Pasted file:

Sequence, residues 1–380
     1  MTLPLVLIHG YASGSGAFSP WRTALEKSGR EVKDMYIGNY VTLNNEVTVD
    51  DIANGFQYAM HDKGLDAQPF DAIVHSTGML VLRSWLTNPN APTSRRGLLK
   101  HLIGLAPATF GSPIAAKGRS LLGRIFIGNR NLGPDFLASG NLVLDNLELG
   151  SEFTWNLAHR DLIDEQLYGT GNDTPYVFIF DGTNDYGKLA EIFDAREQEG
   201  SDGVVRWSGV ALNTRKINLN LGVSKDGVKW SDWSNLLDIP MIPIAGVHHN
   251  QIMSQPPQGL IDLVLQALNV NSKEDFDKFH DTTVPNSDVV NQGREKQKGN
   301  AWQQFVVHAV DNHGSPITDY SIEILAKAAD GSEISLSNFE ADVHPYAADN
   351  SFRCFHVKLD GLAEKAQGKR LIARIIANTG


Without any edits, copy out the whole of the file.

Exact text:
Sequence, residues 1–380
     1  MTLPLVLIHG YASGSGAFSP WRTALEKSGR EVKDMYIGNY VTLNNEVTVD
    51  DIANGFQYAM HDKGLDAQPF DAIVHSTGML VLRSWLTNPN APTSRRGLLK
   101  HLIGLAPATF GSPIAAKGRS LLGRIFIGNR NLGPDFLASG NLVLDNLELG
   151  SEFTWNLAHR DLIDEQLYGT GNDTPYVFIF DGTNDYGKLA EIFDAREQEG
   201  SDGVVRWSGV ALNTRKINLN LGVSKDGVKW SDWSNLLDIP MIPIAGVHHN
   251  QIMSQPPQGL IDLVLQALNV NSKEDFDKFH DTTVPNSDVV NQGREKQKGN
   301  AWQQFVVHAV DNHGSPITDY SIEILAKAAD GSEISLSNFE ADVHPYAADN
   351  SFRCFHVKLD GLAEKAQGKR LIARIIANTG